UFC Record: 11-2-0 (1 no contest)
Arguably the best heavyweight in UFC today, the list of people Daniel Cormier has beaten inside the octagon is full of MMA greats. Frank Mir, Dan Henderson, Anthony Johnson and Anderson Silva are just a few who’ve fallen victim to him since 2013. His recent rivalry with Stipe Miocic has been fantastic, with both men knocking out the other once. He’s held both the UFC heavyweight and light heavyweight championships and was the first fighter in history to successfully defend titles in two divisions.
UFC Record: 17-5-0
Since losing his 2012 UFC debut in a first-round submission, Max Holloway has proven himself to be one of the promotion’s most precise fighters. His bouts are nearly always exciting and typically end with someone lying on the mat, as Holloway’s nine career victories by knockout or technical knockout rank him in the top 10 in UFC history. From 2014-2019, he went on a 13-fight win streak, which included decisive wins over Cub Swanson, Charles Oliveira and José Aldo (twice).
The former featherweight division champ is also the only fighter in UFC history to land more than 2,000 significant strikes in his career.
UFC Record: 11-1-1
Royce Gracie is so legendary in the annals of UFC that it’s honestly difficult to even judge him against other fighters. The Brazilian icon pioneered the style of precision fighting that many greats have used inside the octagon over the past few decades. He won three of the first four UFC tournaments and proved sophistication could beat power in the days where there were no weight class distinctions. In the span of just two years, Gracie earned 10 submission victories, which is a total it would take 20 years for another fighter to match.
Of course, Gracie’s competition was much less fierce than today’s UFC fighters have, but his early domination of and influence on the promotion gives him arguably the best legacy in the sport, according to USA Today.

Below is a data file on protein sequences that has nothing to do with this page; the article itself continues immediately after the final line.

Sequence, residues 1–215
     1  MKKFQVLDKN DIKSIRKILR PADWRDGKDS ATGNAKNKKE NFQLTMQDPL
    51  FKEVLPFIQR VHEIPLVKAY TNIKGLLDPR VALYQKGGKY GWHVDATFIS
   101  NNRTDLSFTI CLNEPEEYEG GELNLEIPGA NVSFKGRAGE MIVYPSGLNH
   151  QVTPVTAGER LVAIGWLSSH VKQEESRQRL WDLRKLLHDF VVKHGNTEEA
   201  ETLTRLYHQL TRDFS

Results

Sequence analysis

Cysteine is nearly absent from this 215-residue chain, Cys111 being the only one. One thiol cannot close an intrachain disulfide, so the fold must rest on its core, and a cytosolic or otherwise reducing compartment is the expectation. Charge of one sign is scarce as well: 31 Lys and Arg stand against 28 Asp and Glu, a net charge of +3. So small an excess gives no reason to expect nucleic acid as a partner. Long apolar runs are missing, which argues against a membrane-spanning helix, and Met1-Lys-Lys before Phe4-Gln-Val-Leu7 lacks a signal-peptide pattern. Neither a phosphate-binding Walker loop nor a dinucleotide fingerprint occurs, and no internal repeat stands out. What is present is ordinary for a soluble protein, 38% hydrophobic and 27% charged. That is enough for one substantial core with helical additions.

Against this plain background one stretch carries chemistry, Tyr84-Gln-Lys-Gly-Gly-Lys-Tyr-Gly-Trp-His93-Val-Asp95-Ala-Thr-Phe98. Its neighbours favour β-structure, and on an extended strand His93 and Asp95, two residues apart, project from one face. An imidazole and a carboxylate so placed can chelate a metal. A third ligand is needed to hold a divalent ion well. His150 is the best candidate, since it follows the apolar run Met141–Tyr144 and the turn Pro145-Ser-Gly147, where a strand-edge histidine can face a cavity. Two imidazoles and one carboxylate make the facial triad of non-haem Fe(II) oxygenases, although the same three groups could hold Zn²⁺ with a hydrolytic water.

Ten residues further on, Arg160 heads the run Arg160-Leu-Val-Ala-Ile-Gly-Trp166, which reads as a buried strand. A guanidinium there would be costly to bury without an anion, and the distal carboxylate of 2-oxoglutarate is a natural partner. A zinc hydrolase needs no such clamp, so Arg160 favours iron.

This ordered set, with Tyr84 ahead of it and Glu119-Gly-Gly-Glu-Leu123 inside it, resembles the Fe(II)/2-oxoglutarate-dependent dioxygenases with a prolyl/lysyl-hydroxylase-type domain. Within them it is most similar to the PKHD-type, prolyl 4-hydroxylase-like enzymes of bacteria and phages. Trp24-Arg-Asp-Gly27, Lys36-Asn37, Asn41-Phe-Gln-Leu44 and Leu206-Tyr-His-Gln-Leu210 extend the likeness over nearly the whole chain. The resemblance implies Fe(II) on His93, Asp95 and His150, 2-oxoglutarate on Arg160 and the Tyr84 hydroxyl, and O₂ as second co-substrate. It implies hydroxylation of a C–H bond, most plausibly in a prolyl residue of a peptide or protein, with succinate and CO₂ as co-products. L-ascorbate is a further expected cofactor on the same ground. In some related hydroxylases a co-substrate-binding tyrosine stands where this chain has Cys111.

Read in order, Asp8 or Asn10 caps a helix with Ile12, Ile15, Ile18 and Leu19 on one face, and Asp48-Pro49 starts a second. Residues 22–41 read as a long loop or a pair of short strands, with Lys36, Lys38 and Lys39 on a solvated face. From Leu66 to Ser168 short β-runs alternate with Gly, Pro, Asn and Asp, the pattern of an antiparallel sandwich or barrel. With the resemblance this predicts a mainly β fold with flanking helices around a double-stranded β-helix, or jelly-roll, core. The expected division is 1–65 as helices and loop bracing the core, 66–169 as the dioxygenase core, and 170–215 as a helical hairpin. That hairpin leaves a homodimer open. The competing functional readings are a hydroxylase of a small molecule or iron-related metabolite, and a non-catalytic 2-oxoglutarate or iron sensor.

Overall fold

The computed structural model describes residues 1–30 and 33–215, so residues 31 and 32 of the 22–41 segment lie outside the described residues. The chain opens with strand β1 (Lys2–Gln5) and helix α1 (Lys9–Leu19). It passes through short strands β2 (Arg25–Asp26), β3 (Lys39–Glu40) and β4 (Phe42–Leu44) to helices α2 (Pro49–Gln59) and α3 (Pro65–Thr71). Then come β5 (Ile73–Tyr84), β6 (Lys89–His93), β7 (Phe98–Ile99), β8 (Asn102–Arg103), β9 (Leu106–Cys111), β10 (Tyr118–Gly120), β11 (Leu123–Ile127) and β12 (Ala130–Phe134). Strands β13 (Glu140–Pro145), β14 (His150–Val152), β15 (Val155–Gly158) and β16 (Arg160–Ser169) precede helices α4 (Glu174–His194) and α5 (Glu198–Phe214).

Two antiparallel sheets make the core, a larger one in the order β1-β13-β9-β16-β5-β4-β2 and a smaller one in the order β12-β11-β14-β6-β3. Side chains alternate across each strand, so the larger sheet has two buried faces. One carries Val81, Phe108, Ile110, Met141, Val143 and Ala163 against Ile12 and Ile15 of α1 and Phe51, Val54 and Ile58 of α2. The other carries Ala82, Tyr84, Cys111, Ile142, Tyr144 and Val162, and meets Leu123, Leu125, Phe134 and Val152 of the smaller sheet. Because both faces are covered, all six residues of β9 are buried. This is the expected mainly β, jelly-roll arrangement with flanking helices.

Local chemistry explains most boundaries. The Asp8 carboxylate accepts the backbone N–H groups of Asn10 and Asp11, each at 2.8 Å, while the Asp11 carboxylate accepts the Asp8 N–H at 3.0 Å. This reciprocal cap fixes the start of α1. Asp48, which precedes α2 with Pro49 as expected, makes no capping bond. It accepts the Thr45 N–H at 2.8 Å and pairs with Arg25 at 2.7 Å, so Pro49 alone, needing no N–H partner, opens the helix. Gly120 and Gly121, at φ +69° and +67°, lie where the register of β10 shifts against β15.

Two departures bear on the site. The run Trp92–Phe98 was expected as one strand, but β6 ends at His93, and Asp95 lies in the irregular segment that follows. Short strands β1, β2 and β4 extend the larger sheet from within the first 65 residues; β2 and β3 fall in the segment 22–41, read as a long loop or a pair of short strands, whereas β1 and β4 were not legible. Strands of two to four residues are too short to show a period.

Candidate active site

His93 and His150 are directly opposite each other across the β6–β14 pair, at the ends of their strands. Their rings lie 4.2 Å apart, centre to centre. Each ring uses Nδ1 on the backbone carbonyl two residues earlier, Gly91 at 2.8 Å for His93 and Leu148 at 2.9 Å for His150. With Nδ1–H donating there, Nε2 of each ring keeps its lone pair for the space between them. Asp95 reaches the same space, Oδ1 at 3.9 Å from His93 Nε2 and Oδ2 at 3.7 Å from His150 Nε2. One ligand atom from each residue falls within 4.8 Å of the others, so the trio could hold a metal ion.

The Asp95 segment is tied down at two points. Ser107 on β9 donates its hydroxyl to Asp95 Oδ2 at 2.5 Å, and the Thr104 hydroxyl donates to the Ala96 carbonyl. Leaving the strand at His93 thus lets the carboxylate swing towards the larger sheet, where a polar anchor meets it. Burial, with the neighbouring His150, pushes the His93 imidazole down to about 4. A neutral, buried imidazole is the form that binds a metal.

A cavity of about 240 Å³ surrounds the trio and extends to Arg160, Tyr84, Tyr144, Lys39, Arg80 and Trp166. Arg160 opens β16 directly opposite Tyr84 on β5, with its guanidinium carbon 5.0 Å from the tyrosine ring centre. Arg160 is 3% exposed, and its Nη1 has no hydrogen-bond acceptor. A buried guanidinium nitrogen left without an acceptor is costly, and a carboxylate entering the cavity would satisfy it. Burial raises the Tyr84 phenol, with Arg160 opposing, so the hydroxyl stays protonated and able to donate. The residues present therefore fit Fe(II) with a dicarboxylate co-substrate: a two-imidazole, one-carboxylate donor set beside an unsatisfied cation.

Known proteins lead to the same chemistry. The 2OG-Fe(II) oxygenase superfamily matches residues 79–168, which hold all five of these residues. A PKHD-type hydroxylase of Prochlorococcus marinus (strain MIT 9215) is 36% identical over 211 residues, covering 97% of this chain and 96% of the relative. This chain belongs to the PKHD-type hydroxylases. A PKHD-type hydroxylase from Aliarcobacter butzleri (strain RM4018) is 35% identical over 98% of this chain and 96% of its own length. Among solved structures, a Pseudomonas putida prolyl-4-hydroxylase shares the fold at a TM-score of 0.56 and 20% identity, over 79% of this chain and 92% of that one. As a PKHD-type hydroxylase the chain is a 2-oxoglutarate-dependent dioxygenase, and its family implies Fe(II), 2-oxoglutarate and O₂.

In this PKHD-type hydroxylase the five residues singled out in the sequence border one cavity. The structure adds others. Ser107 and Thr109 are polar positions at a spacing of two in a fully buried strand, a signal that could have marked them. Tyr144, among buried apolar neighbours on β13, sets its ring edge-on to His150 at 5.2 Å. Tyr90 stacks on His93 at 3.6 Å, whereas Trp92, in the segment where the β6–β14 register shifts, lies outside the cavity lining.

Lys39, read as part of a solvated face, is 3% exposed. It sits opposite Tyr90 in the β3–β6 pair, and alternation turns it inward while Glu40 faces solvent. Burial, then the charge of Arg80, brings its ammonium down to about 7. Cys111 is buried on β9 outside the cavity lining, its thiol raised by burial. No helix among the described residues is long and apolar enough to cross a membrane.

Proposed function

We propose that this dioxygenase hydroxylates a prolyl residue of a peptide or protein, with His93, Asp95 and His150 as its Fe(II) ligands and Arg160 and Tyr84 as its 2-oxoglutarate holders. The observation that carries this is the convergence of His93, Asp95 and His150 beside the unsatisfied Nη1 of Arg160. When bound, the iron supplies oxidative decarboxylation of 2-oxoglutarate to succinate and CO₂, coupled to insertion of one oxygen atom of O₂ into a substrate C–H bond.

UFC Record: 12-1-0
When Amanda Nunes effectively ended Ronda Rousey’s MMA career in 2016, it made her an instant legend in the sport. She’s only added to that legacy in the years since, having not lost a fight in nearly six years and soundly beating top challengers like Cris Cyborg, Valentina Shevchenko and Holly Holm. A current champ in two divisions, “The Lioness” has held the UFC women’s bantamweight title since 2016 and the women’s featherweight title since 2018. The Brazilian holds nearly all the major records for excellence among women fighters in UFC and she honestly seems unbeatable at this point.
UFC Record: 20-1-0 (1 no contest)
If it wasn’t for positive performance-enhancing drug tests during his prime, Jon Jones could potentially be called the best fighter in UFC history. His record certainly sparkles the most, with his win percentage of 95.24% being the best of any fighter with at least 20 fights on his resume in UFC history. Wins over Lyoto Machida, Quinton Jackson, Vitor Belfort and Daniel Cormier make his first run as UFC light heavyweight champion the stuff of legend but the failed drug test that ended it in 2017 cause a shadow that’s tough for many fans to overlook.
UFC Record: 18-7-0
In the history of UFC, only two men ever beat Georges St. Pierre and only one ever beat Royce Gracie — Matt Hughes can claim both. The Hall of Famer was simply brilliant in the 2000s, going 14-2 in UFC bouts from 1999-2006. That run included him winning the UFC middleweight championship twice and successfully defending the title a total of seven times. Throw in wins against Matt Serra and B.J. Penn and you’ve got a guy who consistently challenged — and took down — the icons of his weight classes during a great era for MMA.
UFC Record: 15-2-1
Nobody in MMA has done more with a small stature than Demetrious Johnson. At just 5 feet, 3 inches tall, “Mighty Mouse” has made many tough guys wish they’d never stepped into the octagon with him. His 13-fight win streak from 2012-2018 is tied as the second-longest in UFC history and his 11 successful defenses of the UFC flyweight championship are the most in a single reign of any championship in history. Longtime UFC commentator Joe Rogan has even gone as far as calling Johnson the best fighter in MMA history. His split-decision title loss to Henry Cejudo in 2018 is still considered one of the most questionable in history and brought a sad ending to Johnson’s nearly flawless UFC career.
UFC Record: 17-6-0 (1 no contest)